Truly happy to share that some of my poems are housed in this amazing unconventional anthology “Re-Markings” - A World Assembly of Poets special issue on poetry edited by well known Gambian writer and one of Africa’s significant voices Tijan M. Sallah. Its editorial team that includes UGC Emeritus Professor Nibir Ghosh and others have done a fantastic job of compiling together 100 contemporary poets from all over the world. Closely, modeled on the Vintage book of Contemporary World Poetry edited by J D McClatchy, which remains unmatched and unrivalled, this particular compilation, A world Assembly of Poets: Contemporary Poems is not just bold and seminal but comes quite closer to it.

The book is unconditionally unique and  needs no models but the only comparison if any it elicited was the vintage book from my point of view. There are possibly good many others but this seemed handy for the resonance of painstaking research is undeniable in both Also I must admit that I certainly do have few reservations for the vintage book too, as all you  frequently encounter are indisputable brand names only too willingly adding  up to the greater joy and delight of the compiler/editors. While speaking of our collection it definitely moves  on to the next level of greater inclusivity and challenges anthological stereotypes in many respects
I am particularly excited because in recent times when several anthologies and special poetry issues have come out listing the same conventional names in poetry, and seem guided more by personal choices and preferences of the compilers/ editors. This one definitely stands out for its depth, range, underlying beauty and multiplicity of poetic voices and approaches, Besides its penchant to meet reasonable standards of versification.It is a well researched collection, meeting rare reviews worldwide…Happy holding my copy right now…enjoying my presence amongst some very good poets across the world.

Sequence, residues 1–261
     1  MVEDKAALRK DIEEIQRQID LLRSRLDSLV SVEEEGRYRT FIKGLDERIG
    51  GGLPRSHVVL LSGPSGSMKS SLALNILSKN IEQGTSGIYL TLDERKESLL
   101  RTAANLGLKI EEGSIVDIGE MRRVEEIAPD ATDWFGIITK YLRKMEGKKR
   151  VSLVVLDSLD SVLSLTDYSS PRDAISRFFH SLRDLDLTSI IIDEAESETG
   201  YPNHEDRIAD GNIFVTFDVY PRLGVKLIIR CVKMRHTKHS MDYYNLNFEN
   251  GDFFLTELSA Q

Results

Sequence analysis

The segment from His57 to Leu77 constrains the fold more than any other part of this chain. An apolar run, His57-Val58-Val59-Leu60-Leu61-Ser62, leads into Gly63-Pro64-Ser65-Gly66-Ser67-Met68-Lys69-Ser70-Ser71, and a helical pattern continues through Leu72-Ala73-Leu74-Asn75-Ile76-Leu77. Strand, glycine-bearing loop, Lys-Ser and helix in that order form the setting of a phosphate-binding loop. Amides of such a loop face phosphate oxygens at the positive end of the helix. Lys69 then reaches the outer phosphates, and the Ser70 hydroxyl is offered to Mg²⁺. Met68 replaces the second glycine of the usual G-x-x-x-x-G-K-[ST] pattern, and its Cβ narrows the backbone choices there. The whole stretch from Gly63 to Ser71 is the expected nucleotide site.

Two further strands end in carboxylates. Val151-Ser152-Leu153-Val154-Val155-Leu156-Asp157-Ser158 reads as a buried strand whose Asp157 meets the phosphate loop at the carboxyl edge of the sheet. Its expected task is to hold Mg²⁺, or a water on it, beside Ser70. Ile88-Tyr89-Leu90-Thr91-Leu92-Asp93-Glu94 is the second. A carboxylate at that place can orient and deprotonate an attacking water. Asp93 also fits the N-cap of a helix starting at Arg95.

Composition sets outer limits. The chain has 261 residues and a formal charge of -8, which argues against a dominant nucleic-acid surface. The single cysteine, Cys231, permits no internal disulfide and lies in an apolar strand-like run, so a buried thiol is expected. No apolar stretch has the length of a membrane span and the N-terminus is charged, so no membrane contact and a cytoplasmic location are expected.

Dr. Aparna Lanjewar Bose is a trilingual writer, poet, critic, and translator. She is Associate Professor at  English and Foreign Languages University (A Central university), Hyderabad. She specializes in American Literature, African American Literature, Revolutionary Marginal Literatures and Contemporary women’s writings. Her study tours, research and Social activism led her to visit several countries like Germany, France, England, Switzerland, Sweden, Zimbabwe, South Africa, Thailand, Austria where she spoke on both literary and social concerns. 

  Comments & Review Essay 
                                   by Urvashi Sabu
Dear Prof. Ghosh,
I am delighted to receive the long awaited world poetry issue, and even more delighted to see my translations in them. Please accept my congratulations on the production of this very eminent, much needed volume that brings together world poets under one cover. Its elegant design and presentation, along with its content, are evocative of the high standards that Re-Markings is synonymous with. Thank you and best wishes for more such ventures in the future! - Urvashi

Re-Markings' Special Number: A World Assembly of Poets
Review Essay

When was the last time I saw, read or heard of the publication of an anthology of world poetry? With this question on my mind, I did a quick web search and realized to my astonishment that the last published compilation was in 2010!

Eight years down the line, there comes an ambitious volume, the brainchild of Prof. Nibir K Ghosh and celebrated Gambian poet Dr. Tijan M. Sallah, aptly titled A World Assembly of Poets. Published as a special number of the sixteen years old and still going strong literary journal ‘Re-Markings’, this issue is not only a collector’s item but an absolute must have for any serious student or lover of literature.